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Discussion in 'Other T-Types and Partscasters' started by Otis Fine, Apr 9, 2020.
Must be cousins; I got mine in ‘98 for $120.
Got a couple.
The most unique is my Pearl Pink 1991 Carvin X220C. MONSTER player that weighs in right at 5 lbs and is absolutely perfectly balanced on a strap. KILLER sounding and playing guitar that looks weird but is one of the absolute finest guitars I have ever had in my hands. Owned it for many many years and not planning on letting it go!!
Another is a one off Washburn USA Chicago custom MG. This is NOT a production guitar and is ether a shop employee guitar or is a prototype. Grover Jackson didn't recognize it so it's not likely it was a prototype so think it had to be a employee guitar. In person is absolutely drop dead a knock out and the quilt top has so much 3D effect to it you feel like your going to fall into it!! It's the one in the middle here with 2 of my other USA MG's and all 3 of these are spectacular and super rare.
2008 MIM Ash body that I refinished with black stain and Tung oil.
All Parts FAT baseball bat style neck 9.5” radius that I bought already relic’d and finished in nitro.
Fender locking tuners
TV Jones Starwood neck pickup with 250K vol pot
Seymour Duncan 1/4 Pounder Bridge pickup with 500k vol pot
Switchcraft three way toggle switch
Rockrabbit control plate
Brass ‘52 style knobs
Aluminum neck shim
Bigsby B16 with Duane Eddy handle
Bricks Biggs fix Squishy bigsby spring
Bigsby aluminum compensated bridge
Custom hand tooled leather pickguard and arm rest
Strung up with Jazz Swing flat wounds with wound G
I’ve gone through a few different bridge pickups, and may still try others.
The TV Jones starwood neck pickup is perfect.
Really nothing odd until very lately. I bought one of those inexpensive Grote hollwbody P90 guitars with the floating bridge. I have been totally enjoying it for the last few months.
Wow! That’s lovely
I’ve wanted one of those carvins since seeing Marty Friedman playing one. Some day.....
my Bill Lawrence legacy cort.
did a fretjob on this one, put the G&L PTB tonecontrole in it.
5 way switch with other setup N>N+B>B>B+M>M
and bridge old L90, mid old L220 with triangle base, neck old L500 with chrome housing. all pickups have curved blades
Oh wow! I love the look of dogears on a tele! Can’t really see it in the pictures but did you sink them into the body?
My Coopercaster is definitely my most unique guitar!
yessiree... had to bury those suckers deep....
looking back, I wish I knew there were soapbars...or about building new bodies......
it was a case of wanting to try these pu's and selecting the least used tele I had to mount them in.... Deryck got the job... and turned it into my most played guitar for the next few years, near wore the finish off the back of the neck in places,,,great neck this one...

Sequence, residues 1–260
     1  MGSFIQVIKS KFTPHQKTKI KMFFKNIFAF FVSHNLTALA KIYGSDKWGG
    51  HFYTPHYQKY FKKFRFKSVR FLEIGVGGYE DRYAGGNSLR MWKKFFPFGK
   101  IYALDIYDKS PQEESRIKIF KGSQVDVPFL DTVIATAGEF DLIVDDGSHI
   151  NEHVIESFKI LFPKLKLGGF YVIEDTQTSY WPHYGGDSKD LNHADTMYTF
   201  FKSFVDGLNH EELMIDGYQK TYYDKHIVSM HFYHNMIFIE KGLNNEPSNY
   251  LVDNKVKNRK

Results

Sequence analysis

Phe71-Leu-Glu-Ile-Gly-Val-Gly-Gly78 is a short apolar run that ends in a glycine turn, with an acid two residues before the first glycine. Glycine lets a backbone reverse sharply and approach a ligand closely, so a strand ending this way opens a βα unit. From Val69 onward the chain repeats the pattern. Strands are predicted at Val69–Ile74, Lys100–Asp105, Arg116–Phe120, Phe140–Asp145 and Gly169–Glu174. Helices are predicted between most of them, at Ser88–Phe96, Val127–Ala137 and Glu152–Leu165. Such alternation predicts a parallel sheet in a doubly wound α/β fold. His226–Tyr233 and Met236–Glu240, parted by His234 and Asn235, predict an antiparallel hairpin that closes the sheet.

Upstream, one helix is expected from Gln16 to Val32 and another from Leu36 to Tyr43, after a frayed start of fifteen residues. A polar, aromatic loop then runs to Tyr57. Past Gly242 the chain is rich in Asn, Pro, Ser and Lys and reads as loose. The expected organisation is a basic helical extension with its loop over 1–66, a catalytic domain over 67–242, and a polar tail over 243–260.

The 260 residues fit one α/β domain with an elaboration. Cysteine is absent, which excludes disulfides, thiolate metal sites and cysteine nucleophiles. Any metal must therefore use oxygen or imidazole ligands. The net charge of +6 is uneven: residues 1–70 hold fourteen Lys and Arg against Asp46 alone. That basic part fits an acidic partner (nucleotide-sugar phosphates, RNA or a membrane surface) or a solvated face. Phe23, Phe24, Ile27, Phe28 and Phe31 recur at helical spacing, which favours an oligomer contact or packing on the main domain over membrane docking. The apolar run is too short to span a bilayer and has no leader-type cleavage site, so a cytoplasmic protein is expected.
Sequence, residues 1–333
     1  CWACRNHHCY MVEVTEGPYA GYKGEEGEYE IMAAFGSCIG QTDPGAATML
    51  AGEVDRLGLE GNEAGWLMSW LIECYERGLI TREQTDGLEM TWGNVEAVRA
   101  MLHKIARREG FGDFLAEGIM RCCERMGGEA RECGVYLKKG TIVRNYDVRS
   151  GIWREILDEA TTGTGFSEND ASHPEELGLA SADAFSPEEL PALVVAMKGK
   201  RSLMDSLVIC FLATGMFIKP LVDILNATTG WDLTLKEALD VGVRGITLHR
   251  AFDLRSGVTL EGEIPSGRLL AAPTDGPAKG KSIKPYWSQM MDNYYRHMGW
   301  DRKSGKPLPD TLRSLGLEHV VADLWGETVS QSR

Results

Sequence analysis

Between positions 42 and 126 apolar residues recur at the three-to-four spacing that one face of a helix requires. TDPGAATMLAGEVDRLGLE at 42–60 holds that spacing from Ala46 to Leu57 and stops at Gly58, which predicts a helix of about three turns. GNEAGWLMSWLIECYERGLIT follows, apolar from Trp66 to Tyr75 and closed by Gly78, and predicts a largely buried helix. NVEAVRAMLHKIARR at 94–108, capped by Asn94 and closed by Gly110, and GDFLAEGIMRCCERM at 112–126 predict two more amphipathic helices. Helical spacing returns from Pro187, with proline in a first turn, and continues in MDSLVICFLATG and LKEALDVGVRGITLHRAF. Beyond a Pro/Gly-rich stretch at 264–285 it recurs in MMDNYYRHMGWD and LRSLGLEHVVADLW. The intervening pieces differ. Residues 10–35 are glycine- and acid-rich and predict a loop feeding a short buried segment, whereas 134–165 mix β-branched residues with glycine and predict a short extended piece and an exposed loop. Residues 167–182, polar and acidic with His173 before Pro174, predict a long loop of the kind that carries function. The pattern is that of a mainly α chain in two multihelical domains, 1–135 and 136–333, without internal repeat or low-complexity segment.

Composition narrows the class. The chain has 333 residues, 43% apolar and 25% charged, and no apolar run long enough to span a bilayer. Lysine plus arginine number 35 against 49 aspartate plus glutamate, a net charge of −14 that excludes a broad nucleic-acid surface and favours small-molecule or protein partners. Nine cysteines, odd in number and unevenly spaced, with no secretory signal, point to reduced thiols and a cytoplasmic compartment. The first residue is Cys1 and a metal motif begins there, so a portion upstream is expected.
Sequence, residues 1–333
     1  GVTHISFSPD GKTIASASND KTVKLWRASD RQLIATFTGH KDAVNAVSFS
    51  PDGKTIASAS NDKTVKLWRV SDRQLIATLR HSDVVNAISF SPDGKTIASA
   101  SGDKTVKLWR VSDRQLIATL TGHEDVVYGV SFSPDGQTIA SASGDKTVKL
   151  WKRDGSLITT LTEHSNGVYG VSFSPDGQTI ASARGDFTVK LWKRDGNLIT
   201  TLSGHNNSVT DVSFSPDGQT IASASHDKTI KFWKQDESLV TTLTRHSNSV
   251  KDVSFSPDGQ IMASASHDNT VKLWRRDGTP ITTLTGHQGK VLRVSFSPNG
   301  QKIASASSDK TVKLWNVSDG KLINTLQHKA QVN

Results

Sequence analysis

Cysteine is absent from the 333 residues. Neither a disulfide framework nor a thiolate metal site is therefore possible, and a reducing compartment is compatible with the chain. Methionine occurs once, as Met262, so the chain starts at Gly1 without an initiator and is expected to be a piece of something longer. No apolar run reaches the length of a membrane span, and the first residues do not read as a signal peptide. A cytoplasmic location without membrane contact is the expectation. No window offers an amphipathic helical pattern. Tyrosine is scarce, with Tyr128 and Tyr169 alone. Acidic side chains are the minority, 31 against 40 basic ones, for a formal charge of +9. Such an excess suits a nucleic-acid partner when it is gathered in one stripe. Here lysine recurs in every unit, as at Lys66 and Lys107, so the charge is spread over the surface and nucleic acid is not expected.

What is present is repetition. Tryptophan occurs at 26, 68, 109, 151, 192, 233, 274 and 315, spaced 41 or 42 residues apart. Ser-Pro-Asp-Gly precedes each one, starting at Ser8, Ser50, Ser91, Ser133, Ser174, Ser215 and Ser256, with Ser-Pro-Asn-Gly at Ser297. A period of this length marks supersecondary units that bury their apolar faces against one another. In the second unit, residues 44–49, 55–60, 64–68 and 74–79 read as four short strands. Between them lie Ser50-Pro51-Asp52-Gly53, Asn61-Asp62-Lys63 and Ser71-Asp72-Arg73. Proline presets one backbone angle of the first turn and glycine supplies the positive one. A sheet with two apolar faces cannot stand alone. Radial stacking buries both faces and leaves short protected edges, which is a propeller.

I think my Gibson SG loaded with Tele Pickups
Always thought that Australia was well suited to a guitar shape:
Aussiecaster. by Mark Smith, on Flickr
Aussiecaster. by Mark Smith, on Flickr
Oh, wow, classy! Is that a Creamery WRHB in the neck? How do you like it and how does it balance with the tele bridge?
It's not unique, but I know Matt hasn't made many Mules with bound headstocks, and no longer offers it as an option. So mine is pretty rare.
The oddest “stock” guitar I own is a bass—it’s an Ampeg Big Stud Bass in Dog Urine Yellow finish (not an official name). I don’t have a good picture of it.
It’s not completely stock because the previous owner hammered thumb tacks all over it and then inlaid tiny little rhinestones into the body as well (all of which have fallen out, except one). It’s a good example of what drugs do to a person’s brain.
Another fairly unique, but not “out there” instrument I own is my first electric guitar. It’s a somewhat innocuous G&L F100, but it has a combination of features I’ve only seen one other time—and that was online, not in person.
It’s from 1980, the first year of the company...it has a hardtail bridge (most F100’s has a tremolo/vibrato/whatever)...it’s a sunburst (most F100’s were solid colors or “natural”)...it’s got a rosewood or ebony fretboard...(It looks like unstained ebony but feels like really smooth rosewood, so I don’t know...most F100’s had maple fretboards)...it has a “Series II” neck profile (12” radius...most were “Series I”, which is 7.25” radius)...it has a chrome control plate (many were the wrinkled/hammered paint finish)...and it has factory Schaller tuners.
Any of those features (by themselves) aren’t unheard-of, but all of those features together? That’s not common at all.
1980 G&L F-100 series II by Fiesta Red posted Nov 16, 2017 at 4:41 PM
...and my most unique one is the one I won’t shut up about...
Fiesta Red's Main Axe by Fiesta Red posted Oct 16, 2017 at 9:39 PM
I thought this lap steel was truly unique (a one-off homemade) until very recently when I’ve found at least 2 or 3 stable-mates for sale online.
I still think there aren’t many of these around.
A pawnshop prize that cleaned up really nicely.
2005 Lyon by Washburn LPT80SB.
7 lbs, 7 ounces
24 ½ ” scale
I really don't like the Gibson Flying V, never have.
Most of the V-shaped guitars, like the Randy Rhoads, just never appealed either.
But this oddball guitar really spoke to me.
Maybe it's the propellers they used instead of dot fret markers.
(Not my photo, but mine looks exactly like this one above.)
They are all unique, but this one perhaps the most ... for obvious reasons.
Yes, a Creamery Baby71 if I remember well... What I cannot remember is the Tele bridge... But I am sure it must be a Dimarzio Twang King or a SD Broadcaster...
They balance perfectly each other. I love that guitar. Now I went back to the metal saddles instead the tusq I had because they give you more twang, It sound more like a an old Tele. If you close your eyes, you wouldn't know is an SG, not a Tele...